Figure 5.18 Effect of reactive tray holdup on composition profiles.
A is lost because less A is fed (upper right graph). and the concentration of A in the distillate is lower (lower left graph).
Figure 5.18 gives the composition profiles for three different reactive tray holdups. Increasing holdup reduces the concentrations of both reactants in the reactive zone, so less A is lost out the top.
In the base case, the flowrates of both the fresh feed of B (Fob) and reflux (R) are specified. The production rate is basically set by F0B. In the base case the reflux is 70mol/s. Increasing the reflux flowrate for a fixed flowrate of F0B should require more vapor boilup, but it should improve the separation. If the improvement in separation results in a significant reduction in the loss of reactants, the optimum design might not correspond to the point of minimum vapor boilup.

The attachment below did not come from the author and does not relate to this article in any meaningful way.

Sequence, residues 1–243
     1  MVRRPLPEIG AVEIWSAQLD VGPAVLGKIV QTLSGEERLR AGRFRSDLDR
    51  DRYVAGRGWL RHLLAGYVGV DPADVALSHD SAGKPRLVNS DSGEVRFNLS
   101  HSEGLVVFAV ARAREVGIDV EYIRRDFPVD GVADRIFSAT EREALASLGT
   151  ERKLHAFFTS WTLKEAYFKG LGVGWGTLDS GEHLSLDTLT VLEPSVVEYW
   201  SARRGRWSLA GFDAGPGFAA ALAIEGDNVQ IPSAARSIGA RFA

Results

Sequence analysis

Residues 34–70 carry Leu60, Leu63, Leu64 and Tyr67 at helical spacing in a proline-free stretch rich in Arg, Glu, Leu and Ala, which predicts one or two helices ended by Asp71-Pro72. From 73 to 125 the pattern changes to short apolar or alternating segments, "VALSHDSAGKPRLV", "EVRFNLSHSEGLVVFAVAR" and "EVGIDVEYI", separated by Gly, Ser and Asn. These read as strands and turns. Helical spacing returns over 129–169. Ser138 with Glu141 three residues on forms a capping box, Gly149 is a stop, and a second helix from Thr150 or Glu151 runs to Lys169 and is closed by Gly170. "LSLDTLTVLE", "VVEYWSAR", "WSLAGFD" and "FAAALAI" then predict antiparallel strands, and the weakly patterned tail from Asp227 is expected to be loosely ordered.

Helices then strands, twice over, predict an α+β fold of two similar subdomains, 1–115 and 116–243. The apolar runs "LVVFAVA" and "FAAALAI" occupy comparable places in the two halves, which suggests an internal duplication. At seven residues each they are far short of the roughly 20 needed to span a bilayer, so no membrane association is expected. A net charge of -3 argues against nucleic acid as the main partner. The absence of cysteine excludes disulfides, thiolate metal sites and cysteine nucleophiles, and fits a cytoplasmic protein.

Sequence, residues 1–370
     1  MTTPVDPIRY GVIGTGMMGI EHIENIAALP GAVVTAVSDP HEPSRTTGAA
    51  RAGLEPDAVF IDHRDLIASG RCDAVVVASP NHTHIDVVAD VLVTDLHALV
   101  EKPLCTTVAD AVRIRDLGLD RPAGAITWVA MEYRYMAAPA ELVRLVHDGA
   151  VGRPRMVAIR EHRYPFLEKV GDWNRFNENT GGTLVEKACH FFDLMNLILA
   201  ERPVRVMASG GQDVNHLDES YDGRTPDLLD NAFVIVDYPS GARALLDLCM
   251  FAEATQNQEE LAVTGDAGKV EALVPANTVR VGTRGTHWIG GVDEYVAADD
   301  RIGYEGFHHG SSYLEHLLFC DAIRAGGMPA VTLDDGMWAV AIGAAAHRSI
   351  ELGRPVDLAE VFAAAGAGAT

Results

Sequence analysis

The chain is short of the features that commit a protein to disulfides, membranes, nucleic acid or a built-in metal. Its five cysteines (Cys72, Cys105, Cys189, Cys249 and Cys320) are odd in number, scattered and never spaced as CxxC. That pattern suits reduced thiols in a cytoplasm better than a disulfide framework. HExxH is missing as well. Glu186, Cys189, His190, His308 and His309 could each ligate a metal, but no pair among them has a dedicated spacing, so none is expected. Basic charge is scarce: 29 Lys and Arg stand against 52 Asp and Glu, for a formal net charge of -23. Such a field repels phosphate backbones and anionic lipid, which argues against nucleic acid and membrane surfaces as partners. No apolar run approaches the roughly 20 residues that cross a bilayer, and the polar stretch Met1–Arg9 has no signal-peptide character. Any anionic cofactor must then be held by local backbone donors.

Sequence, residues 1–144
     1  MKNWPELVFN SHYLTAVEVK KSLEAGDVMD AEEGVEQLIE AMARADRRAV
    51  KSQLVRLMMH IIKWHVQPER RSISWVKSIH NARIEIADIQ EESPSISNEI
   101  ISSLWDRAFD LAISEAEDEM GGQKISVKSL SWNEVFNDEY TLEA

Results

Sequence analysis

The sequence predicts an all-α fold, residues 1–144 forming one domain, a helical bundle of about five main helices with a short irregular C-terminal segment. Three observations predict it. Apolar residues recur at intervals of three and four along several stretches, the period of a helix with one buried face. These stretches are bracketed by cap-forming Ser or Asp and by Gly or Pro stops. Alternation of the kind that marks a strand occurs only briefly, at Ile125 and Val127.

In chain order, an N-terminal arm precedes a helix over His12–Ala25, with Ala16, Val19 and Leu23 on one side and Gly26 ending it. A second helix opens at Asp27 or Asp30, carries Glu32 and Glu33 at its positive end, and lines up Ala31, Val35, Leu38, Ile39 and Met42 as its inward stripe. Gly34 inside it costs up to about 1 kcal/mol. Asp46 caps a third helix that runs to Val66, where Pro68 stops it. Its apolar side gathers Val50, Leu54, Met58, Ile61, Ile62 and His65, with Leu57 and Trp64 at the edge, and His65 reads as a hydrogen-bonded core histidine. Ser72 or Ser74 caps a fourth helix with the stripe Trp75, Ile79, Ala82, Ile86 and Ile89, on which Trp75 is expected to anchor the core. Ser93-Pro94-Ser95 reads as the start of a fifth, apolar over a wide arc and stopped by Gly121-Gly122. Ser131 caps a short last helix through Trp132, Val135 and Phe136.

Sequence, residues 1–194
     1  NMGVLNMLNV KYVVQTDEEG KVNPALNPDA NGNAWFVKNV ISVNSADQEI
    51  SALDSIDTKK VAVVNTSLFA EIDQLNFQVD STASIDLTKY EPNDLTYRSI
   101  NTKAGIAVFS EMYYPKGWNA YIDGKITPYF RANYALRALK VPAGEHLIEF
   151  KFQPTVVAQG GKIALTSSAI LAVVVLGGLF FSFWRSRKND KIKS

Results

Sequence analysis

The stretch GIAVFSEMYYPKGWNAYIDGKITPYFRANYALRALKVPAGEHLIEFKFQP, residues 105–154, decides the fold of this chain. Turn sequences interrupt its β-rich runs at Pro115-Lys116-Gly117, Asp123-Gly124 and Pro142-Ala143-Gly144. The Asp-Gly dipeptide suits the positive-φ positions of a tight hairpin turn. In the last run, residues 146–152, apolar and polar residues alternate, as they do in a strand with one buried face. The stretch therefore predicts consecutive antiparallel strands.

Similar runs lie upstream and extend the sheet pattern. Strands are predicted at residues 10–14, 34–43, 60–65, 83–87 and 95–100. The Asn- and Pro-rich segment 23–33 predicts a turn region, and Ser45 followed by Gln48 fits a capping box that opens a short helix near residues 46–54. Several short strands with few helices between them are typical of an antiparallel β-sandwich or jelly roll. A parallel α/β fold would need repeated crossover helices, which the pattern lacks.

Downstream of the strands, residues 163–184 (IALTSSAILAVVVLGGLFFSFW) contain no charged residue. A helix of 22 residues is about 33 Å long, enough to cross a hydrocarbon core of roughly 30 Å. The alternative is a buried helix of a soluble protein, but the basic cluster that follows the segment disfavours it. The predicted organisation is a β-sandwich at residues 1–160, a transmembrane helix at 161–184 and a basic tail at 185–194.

The results given in Figure 5.19 show that vapor boilup is minimized at a reflux flowrate of 66 mol/s. However, at this reflux flowrate there is a very large loss of reactant A in the distillate. Both F0A and xDA increase rapidly for reflux flowrates lower than 69 mol/s. At higher reflux flowrates, F0A and xDA again increase. Note that using somewhat more reflux than that giving minimum vapor boilup involves a small penalty in energy and yield. However, using a reflux that is only a very small amount less than that giving minimum vapor boilup produces a very severe penalty in both energy and yield. Therefore, a reasonable value for the reflux flowrate is probably 70 mol/s because this provides a little cushion between the operating point and "going over the cliff' into a region of very high yield losses.
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